Most people are focused on loss-oriented thinking. They focus on the worst-case outcome instead of the average-case outcome. If Bill Belichick's decision increased his chance of winning, then it was correct, even if they ultimately lost the game.

If Bill Belichick had punted and then lost the game, then nobody would have criticized him. A bad coach would make the decision that gets the least criticism, rather than the choice that maximizes the chance of winning.

As another example, suppose I attempt practical agorism. State thugs kidnap/arrest me and I waste time in jail. Does that mean I made the wrong decision? No, because that's judging by outcomes and not a priori odds. If I don't attempt agorism, I'm accepting the sure loss of more than half my life to taxes. If I don't attempt agorism, then I'm accepting my status as a slave. I should do what I think is right. The worst-case outcome of attempting agorism is that State thugs kidnap/assault/murder me. The average-case outcome of not attempting agorism is probably worse than the average-case outcome of attempting agorism, although the worst-case is better.

Parasites want people to focus on worst-case outcomes instead of average-case outcomes. This way, productive workers can be easily controlled by parasites. The worst-case outcome is "Some parasite will punish me for disobeying!" Productive workers do not think about the average-case, because they continually fear punishment by the parasites around them.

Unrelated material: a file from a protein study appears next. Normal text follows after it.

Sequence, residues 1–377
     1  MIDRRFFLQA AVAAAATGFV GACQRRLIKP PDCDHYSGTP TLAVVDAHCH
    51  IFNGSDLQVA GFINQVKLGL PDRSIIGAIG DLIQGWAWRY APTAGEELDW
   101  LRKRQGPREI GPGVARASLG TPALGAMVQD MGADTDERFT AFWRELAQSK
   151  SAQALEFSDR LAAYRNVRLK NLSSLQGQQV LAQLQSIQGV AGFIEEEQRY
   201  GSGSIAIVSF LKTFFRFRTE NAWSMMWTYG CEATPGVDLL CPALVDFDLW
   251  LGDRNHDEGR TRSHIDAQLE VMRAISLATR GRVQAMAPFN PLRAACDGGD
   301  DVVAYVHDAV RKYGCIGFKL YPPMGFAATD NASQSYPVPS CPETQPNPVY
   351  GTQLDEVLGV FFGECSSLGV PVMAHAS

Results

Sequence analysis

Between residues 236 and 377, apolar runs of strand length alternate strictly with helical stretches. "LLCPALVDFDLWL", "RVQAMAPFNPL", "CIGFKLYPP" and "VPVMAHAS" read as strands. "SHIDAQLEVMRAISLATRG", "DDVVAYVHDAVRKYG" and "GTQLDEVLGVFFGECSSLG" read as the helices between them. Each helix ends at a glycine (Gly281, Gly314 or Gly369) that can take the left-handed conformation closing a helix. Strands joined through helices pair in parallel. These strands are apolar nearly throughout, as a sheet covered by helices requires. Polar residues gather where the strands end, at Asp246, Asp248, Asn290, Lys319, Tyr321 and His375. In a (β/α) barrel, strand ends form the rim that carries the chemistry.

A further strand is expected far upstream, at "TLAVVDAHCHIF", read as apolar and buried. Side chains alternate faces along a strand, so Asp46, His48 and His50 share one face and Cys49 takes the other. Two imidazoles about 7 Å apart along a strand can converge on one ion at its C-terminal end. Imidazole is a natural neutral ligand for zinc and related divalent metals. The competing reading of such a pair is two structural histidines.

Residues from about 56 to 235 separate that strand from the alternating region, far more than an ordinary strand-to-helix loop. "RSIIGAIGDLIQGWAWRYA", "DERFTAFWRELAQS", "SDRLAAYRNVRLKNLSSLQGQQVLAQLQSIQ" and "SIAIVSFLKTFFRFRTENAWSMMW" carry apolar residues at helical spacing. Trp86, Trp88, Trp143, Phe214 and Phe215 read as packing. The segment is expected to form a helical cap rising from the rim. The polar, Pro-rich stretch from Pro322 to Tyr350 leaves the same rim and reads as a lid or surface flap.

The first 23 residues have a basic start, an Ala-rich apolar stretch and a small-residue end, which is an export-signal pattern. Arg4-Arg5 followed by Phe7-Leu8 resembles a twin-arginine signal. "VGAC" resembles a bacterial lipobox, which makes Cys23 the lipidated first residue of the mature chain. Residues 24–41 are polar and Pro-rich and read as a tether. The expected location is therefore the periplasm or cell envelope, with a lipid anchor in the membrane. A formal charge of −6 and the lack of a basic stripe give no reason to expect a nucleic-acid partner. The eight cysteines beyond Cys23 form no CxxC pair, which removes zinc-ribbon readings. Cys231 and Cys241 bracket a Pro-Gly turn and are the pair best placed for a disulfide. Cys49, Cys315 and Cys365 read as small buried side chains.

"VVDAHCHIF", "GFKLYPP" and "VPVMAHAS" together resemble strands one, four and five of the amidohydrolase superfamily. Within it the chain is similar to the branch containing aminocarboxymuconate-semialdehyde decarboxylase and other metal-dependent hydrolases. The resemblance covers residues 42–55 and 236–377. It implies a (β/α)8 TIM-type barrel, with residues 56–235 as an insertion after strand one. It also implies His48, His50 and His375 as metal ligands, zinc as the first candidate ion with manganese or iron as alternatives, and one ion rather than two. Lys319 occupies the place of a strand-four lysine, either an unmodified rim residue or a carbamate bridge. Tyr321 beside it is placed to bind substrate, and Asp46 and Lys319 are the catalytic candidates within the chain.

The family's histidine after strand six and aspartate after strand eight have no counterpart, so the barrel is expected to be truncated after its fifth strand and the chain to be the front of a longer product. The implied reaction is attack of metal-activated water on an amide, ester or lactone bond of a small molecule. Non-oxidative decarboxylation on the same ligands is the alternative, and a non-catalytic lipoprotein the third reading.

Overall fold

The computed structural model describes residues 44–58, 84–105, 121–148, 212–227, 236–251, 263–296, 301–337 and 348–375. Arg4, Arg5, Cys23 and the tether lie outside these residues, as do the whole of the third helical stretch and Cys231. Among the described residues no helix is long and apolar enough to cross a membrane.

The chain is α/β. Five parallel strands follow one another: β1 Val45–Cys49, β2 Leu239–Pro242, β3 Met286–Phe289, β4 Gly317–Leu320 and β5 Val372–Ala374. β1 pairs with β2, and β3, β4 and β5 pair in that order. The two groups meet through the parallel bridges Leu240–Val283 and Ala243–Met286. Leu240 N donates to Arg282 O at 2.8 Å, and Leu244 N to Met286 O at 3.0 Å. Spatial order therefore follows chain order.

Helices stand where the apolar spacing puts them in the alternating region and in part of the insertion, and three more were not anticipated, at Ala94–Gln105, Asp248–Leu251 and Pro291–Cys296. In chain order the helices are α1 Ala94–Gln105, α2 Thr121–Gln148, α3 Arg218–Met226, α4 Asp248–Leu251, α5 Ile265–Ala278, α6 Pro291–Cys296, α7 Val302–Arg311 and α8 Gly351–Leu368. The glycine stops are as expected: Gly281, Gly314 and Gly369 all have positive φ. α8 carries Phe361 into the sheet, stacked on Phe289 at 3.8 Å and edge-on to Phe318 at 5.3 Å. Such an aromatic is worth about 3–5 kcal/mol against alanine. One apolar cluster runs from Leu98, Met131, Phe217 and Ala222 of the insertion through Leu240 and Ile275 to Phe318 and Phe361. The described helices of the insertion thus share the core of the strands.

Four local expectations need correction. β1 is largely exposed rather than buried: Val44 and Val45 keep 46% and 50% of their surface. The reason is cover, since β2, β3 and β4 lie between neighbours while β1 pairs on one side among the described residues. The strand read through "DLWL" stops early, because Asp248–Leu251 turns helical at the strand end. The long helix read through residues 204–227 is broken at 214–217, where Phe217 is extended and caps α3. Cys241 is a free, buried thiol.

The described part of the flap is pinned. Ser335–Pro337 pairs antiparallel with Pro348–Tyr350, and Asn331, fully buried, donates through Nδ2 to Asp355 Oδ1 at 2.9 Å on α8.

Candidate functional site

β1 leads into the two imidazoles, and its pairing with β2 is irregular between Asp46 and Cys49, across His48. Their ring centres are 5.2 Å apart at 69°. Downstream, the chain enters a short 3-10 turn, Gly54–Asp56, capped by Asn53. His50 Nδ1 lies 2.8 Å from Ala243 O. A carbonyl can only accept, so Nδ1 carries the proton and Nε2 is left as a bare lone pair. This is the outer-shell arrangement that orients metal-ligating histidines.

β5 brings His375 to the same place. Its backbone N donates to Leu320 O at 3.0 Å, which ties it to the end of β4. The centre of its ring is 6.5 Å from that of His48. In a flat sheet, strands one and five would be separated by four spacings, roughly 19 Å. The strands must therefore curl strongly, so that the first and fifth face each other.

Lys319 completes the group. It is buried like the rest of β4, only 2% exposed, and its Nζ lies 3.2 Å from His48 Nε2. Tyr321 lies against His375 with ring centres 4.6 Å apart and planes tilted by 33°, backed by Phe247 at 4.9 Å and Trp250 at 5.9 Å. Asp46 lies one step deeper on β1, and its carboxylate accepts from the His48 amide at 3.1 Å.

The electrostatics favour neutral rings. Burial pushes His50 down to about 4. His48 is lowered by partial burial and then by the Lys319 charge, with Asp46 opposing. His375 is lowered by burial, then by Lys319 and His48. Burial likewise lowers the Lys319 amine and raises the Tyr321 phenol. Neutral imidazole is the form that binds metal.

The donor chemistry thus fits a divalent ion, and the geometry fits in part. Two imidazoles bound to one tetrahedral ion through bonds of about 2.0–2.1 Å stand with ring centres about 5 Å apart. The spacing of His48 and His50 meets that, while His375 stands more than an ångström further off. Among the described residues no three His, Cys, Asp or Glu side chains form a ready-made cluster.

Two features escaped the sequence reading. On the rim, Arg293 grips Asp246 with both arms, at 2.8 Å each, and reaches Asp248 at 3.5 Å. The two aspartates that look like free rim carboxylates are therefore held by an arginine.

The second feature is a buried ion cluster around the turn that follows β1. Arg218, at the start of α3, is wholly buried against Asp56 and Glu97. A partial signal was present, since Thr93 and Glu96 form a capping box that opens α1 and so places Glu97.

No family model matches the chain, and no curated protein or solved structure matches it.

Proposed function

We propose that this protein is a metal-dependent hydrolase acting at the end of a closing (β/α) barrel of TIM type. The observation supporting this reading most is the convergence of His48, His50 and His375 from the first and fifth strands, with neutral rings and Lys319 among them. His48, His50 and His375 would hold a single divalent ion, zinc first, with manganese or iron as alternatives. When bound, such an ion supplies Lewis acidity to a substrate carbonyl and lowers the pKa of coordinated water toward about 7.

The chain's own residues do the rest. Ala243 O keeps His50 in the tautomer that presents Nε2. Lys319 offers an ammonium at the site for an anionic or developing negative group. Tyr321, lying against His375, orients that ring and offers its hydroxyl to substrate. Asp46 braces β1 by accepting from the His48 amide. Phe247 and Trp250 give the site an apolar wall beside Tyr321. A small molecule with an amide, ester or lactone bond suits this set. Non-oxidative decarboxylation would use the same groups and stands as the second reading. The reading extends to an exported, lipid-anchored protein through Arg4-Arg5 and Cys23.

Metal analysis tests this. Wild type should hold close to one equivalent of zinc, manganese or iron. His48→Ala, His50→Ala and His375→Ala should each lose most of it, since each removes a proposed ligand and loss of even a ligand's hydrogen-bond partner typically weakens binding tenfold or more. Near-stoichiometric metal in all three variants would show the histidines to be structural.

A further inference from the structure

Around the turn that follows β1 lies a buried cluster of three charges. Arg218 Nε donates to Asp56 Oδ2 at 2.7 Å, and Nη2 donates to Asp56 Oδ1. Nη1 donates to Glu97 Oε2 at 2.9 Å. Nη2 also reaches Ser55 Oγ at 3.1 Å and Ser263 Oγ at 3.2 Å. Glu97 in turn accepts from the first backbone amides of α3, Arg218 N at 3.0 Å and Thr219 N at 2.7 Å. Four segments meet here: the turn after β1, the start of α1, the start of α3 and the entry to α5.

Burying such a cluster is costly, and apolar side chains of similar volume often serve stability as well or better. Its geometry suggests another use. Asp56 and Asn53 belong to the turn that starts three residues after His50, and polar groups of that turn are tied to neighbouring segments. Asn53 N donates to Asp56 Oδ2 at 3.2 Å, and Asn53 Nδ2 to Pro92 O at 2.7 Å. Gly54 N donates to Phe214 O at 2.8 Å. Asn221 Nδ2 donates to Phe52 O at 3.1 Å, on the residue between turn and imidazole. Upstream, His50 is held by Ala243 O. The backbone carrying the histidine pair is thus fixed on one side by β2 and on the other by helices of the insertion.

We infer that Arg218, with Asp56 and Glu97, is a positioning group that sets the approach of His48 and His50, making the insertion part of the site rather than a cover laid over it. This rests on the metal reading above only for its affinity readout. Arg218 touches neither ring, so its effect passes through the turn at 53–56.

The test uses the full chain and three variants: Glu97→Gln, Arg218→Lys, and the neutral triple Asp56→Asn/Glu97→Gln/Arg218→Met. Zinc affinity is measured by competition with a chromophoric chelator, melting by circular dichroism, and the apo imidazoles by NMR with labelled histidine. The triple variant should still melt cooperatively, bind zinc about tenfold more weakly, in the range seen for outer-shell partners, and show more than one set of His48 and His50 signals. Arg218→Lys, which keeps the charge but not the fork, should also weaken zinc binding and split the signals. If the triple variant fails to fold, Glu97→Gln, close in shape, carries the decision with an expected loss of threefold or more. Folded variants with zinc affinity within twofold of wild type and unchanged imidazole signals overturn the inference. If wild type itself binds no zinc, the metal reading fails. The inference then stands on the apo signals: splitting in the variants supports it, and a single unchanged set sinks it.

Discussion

As another example, I refused to take psychiatric drugs. My psychiatrist focused on the worst-case outcome, which is "FSK will relapse!" I knew that taking the drugs, I would definitely be unable to do anything. I decided to accept the risk of relapse. The benefit is that I would be my productive normal self most of the time. At worst, I'd be sick for a week or two per year. By focusing on average-case outcomes instead of worst-case outcomes, it was easy for me to decide to refuse to take psychiatric drugs.

This is an important aspect of pro-State brainwashing. "Focus on the worst-case outcome instead of the average-case outcome!" is a common evil fnord. It's a symptom of pro-State brainwashing. I doubt that any of the sports comedians covering this story are aware of the huge logical error they are making.

Bill Belichick is criticized for making a non-standard decision that might have actually increased his team's chance of winning. That is reinforcing everyone's pro-State brainwashing, to focus on worst-case outcomes instead of average-case outcomes.

The details of sporting events are necessarily reported honestly. That allows these evil fnords to be sometimes more obvious. This evil fnord seems to occur a couple times per season. A coach is criticized for making a non-standard decision that may have actually increased his team's chance of winning. A coach who goes for it on fourth down and fails and loses the game is usually roundly criticized, even if it may have been the statistically correct decision.